# Calculate the voltmeter reading for this circuit with 2 sources and 2 resistors

• songoku
In summary, the conversation discusses the voltmeter reading for a circuit with a current of 2 A and a voltage of 10 V. While the initial calculation suggests a reading of 8 V, the correct answer is 12 V based on the values for current returning to cell A and B, and current entering the voltmeter. The final calculation involves using Ohm's Law to determine the resistance and ultimately, the voltmeter reading.
songoku
Homework Statement
Relevant Equations
V = I.R

I find the current first, which is 2 A. Then the voltmeter reading would be 10 V - 1 x 2 = 8 V.

But the answer is 12 V.
I don't understand why it should be 10 + 1 x 2 = 12 V

Thanks

I agree with your answer. It obviously cannot be more than 10V.

songoku and MatinSAR
Thank you very much haruspex

Yes, I agree, 8V is correct.

songoku
Current returning to cell A = x
Current returning to cell B = y
Current entering the voltmeter = z

10- 1*x=0
4- 2*y = 0
z = y + x

X=10
Y=2
Z=12

U=RI

1/R=1/1+1/2
1/R=1,5
R=2/3

U = (2/3)*12 = 8

Daniel Weng
Welcome to PF, @erpelkon

erpelkon said:
Current returning to cell A = x
Current returning to cell B = y
Current entering the voltmeter = z

10- 1*x=0
4- 2*y = 0
z = y + x

X=10
Y=2
Z=12

U=RI

1/R=1/1+1/2
1/R=1,5
R=2/3

U = (2/3)*12 = 8

It is okay to offer alternate solutions to old schoolwork threads where the OP has already solved the problem. Please just keep in mind that in active threads, the OP must do the bulk of the work. We cannot offer solutions to them until after they have solved their schoolwork problem. Thanks.

MatinSAR and erpelkon

## How do I approach solving for the voltmeter reading in a circuit with two sources and two resistors?

To solve for the voltmeter reading, you should first identify the configuration of the circuit (series, parallel, or a combination). Then, apply Kirchhoff's Voltage Law (KVL) or Kirchhoff's Current Law (KCL) as needed. Calculate the voltage drops across each resistor using Ohm's law, and then determine the potential difference where the voltmeter is connected.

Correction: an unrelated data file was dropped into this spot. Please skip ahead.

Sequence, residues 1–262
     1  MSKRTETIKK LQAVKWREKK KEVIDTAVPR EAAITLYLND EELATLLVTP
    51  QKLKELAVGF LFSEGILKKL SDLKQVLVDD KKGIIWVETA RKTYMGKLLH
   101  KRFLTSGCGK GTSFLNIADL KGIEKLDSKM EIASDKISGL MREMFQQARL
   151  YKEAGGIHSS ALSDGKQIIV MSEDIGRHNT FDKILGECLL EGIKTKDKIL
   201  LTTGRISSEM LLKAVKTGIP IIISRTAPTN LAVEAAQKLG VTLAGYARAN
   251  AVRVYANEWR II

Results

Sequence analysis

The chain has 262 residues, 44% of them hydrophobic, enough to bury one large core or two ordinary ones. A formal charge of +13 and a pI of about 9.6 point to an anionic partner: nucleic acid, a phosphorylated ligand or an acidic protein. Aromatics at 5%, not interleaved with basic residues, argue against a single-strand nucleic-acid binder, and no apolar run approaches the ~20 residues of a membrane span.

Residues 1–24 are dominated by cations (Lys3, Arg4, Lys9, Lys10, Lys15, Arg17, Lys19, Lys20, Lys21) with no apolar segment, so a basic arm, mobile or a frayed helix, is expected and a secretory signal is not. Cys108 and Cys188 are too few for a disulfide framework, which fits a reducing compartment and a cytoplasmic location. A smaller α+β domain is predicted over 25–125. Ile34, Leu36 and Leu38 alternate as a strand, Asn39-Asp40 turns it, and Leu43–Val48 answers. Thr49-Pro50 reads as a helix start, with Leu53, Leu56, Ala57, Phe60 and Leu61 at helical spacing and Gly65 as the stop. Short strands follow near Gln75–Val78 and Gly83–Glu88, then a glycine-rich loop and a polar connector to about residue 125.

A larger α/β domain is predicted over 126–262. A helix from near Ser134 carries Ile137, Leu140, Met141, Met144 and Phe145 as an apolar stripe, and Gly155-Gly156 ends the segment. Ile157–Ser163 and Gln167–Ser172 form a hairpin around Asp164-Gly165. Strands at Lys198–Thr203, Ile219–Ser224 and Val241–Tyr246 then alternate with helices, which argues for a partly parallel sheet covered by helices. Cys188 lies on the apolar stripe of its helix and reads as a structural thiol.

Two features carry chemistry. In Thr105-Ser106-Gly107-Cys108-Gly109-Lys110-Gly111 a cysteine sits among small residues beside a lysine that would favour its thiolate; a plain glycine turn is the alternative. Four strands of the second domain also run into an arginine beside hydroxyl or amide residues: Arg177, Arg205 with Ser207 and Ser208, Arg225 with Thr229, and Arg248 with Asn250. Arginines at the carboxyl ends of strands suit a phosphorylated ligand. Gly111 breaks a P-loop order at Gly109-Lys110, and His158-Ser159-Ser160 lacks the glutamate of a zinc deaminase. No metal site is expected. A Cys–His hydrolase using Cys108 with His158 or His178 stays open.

## What is Kirchhoff's Voltage Law (KVL) and how is it applied in this context?

Kirchhoff's Voltage Law states that the sum of all voltages around a closed loop in a circuit must equal zero. In this context, you would write equations that sum the voltage contributions from both sources and the voltage drops across the resistors, then solve for the unknown voltages.

## How do I handle circuits with both series and parallel components?

For circuits with both series and parallel components, you need to break down the circuit into simpler parts. Calculate the equivalent resistance for parallel parts first, then treat the circuit as a series circuit. Use Ohm's law and KVL/KCL to find the voltages and currents in each part of the circuit.

## What role do the resistors play in determining the voltmeter reading?

Resistors determine how the voltage from the sources is divided across the circuit. The voltage drop across each resistor can be calculated using Ohm's law (V = IR). The voltmeter reading will depend on these voltage drops and their arrangement in the circuit.

## How do I account for the presence of two voltage sources in the circuit?

When there are two voltage sources, you need to consider their relative polarities and magnitudes. If they are in series, their voltages add algebraically. If they are in parallel, you need to ensure they have the same voltage and consider their combined effect on the circuit. Use superposition theorem if necessary to analyze the contribution of each source separately.

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